What shouldn’t surprise many scholars of recent Egyptian history is the recednt arrests of more than 1,000 Islamists. Their next act as the standing military government is legally dissolving the Muslim Brotherhood. This is the very same radical organization that called for a week of nationwide protests starting tomorrow.
Interestingly, one of those arrested was the brother of al-Qaida head Ayman al-Zawahiri.
The death toll through Friday’s riots now totals 173 people killed. Last week more than 600 perished. The wounded amount to 1,300 with more than half of the casualties coming from the Cairo area.
Last Saturday, Egyptian Prime Minister Hazem el-Bablawi proposed for the legal dissolution of the Muslim Brotherhood. The radical idea is being carefully studied as the last best defense to further bloodshed.
President Mohammed Morsi who were holed up inside a Cairo mosque that has been a center of the protests included renegade supporters that exchanged gunfire with Egyptian police, as reported by an Agence France Presse correspondent.
According to the press release, police stormed the Fath mosque and security forces fired tear gas. In the process, they managed to drag outside seven or eight men and were then confronted by angry neighborhood residents who attacked them with sticks and iron bars.
Some of the more interesting names arrested so far include Mohamed al-Zawahiri, brother of al-Qaida head Ayman al-Zawahri, a security source told Agence France Presse. The brother was arrested in his home district of Giza, adjacent to the capital, the source said.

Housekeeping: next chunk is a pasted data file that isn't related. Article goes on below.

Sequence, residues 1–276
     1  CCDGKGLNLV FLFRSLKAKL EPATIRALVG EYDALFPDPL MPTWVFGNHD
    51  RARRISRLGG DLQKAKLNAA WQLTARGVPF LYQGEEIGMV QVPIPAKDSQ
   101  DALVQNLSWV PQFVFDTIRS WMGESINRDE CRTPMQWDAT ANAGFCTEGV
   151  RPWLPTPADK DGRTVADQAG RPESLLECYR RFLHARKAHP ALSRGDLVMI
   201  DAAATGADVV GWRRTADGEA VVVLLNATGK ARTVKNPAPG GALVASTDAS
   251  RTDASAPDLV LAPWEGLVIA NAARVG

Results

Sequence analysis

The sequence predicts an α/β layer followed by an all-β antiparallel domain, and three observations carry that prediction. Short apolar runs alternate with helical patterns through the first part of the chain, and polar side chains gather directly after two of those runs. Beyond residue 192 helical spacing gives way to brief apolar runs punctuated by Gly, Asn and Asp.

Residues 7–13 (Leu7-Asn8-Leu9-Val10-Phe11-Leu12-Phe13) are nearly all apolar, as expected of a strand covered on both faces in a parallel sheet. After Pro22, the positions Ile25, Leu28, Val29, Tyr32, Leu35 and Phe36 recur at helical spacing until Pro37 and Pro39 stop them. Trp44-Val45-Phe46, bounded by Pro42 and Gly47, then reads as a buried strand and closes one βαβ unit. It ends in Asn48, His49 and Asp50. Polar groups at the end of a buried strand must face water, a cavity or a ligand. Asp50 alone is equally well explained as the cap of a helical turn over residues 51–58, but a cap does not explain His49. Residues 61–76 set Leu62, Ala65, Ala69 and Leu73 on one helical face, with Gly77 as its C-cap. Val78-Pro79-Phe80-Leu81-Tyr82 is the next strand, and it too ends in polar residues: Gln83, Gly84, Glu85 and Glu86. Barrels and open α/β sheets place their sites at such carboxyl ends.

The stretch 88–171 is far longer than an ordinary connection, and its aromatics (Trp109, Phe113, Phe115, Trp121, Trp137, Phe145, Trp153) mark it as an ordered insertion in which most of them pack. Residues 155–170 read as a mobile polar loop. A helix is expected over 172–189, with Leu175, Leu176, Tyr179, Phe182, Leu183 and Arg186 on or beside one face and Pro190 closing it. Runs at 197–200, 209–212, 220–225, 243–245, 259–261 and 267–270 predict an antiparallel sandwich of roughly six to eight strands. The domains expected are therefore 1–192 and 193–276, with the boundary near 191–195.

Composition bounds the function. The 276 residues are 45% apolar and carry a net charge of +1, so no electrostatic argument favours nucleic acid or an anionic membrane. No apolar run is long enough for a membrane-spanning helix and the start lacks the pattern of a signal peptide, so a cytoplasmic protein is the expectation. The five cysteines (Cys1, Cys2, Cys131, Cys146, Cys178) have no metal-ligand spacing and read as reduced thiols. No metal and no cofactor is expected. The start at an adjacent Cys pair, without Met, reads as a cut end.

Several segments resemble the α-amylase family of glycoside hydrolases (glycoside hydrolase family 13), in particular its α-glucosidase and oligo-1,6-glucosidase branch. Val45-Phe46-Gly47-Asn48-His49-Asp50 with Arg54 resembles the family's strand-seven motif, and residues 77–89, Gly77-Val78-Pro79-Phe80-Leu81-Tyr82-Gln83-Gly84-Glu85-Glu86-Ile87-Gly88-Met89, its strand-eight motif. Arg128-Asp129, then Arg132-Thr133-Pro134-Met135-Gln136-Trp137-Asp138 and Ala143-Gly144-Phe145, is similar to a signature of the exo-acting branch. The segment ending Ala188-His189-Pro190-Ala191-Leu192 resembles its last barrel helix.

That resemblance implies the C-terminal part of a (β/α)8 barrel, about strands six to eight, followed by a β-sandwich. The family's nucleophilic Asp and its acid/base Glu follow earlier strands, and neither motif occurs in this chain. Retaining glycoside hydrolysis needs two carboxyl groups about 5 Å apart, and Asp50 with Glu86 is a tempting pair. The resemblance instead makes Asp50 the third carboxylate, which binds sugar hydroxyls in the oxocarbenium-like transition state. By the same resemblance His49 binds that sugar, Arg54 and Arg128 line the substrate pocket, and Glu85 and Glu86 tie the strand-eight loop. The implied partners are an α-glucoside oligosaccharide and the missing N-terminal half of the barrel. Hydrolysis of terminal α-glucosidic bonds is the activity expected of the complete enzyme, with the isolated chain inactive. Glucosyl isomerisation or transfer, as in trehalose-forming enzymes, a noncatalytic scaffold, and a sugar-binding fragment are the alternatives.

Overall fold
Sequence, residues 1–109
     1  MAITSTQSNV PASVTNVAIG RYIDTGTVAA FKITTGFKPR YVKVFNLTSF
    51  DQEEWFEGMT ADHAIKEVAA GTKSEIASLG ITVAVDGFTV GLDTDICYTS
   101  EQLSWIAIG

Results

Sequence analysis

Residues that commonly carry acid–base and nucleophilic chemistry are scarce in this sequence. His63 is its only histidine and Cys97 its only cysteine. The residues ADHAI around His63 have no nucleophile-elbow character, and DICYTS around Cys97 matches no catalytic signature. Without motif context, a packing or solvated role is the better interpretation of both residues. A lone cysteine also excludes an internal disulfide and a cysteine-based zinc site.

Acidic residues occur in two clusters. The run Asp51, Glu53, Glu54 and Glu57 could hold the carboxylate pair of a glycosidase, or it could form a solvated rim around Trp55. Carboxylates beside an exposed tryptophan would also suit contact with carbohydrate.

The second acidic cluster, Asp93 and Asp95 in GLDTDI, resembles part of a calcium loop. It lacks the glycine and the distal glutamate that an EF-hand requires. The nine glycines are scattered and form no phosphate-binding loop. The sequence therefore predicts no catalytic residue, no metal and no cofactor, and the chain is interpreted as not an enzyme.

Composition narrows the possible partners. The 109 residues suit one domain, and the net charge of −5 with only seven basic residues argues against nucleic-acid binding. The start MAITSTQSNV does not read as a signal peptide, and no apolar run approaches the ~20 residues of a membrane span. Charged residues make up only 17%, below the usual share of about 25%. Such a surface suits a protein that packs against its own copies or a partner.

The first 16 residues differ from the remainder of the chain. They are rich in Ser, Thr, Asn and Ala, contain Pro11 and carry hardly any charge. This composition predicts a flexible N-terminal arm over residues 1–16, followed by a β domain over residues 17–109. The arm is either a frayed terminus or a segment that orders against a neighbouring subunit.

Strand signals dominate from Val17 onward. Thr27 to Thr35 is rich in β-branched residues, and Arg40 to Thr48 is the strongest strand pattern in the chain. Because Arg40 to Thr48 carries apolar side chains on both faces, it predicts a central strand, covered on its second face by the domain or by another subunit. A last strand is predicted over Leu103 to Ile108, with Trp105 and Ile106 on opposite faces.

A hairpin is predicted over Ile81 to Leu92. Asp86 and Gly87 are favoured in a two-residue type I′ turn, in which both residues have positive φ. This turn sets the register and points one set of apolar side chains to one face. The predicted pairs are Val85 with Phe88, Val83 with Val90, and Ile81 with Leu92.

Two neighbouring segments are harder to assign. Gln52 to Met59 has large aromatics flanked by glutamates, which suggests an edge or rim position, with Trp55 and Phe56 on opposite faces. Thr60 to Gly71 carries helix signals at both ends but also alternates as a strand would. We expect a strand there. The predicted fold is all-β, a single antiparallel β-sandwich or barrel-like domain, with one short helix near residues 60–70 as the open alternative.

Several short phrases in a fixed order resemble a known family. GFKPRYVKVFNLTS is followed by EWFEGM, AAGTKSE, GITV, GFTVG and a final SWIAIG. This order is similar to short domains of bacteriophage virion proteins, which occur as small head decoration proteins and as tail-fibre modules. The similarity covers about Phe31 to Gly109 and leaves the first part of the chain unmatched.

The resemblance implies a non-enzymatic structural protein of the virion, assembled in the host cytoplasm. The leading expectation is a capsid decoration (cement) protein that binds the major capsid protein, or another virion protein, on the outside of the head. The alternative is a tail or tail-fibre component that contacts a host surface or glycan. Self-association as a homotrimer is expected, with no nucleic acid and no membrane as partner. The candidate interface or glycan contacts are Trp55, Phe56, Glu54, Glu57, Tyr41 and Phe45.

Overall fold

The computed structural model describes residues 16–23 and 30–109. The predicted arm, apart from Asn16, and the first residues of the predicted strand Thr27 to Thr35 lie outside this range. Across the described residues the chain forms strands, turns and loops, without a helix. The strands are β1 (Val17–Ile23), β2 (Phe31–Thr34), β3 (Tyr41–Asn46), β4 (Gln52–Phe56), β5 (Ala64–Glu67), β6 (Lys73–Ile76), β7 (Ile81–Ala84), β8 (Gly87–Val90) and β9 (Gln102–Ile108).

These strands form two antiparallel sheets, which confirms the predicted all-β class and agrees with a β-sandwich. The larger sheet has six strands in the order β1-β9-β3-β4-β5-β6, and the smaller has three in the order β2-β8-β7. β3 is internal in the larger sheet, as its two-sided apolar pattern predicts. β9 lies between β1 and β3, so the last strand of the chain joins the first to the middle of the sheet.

The Brotherhood was provided the opportunity to rule Egypt for about about a year after free elections were held. The army removed Morsi on July 3, urged its supporters back onto the streets to denounce the military takeover and the subsequent crackdown on followers of the nation's first freely-elected president.
The Muslim Brotherhood has deep roots in the provinces, called for a "Day of Rage." Automatic gunfire echoed around the capital throughout Friday afternoon, army helicopters swooped over the roof tops and at least one office block was set ablaze, lighting up the night sky long after the violence had subsided.
One Muslim Brotherhood member said, "We are here because of our brothers who died."
It now appears the Brotherhood has been partially disbanded by a military bent on its total destruction.
Little, if any real news of America’s involvement in any kind of important seat of power is either untold or unreal.
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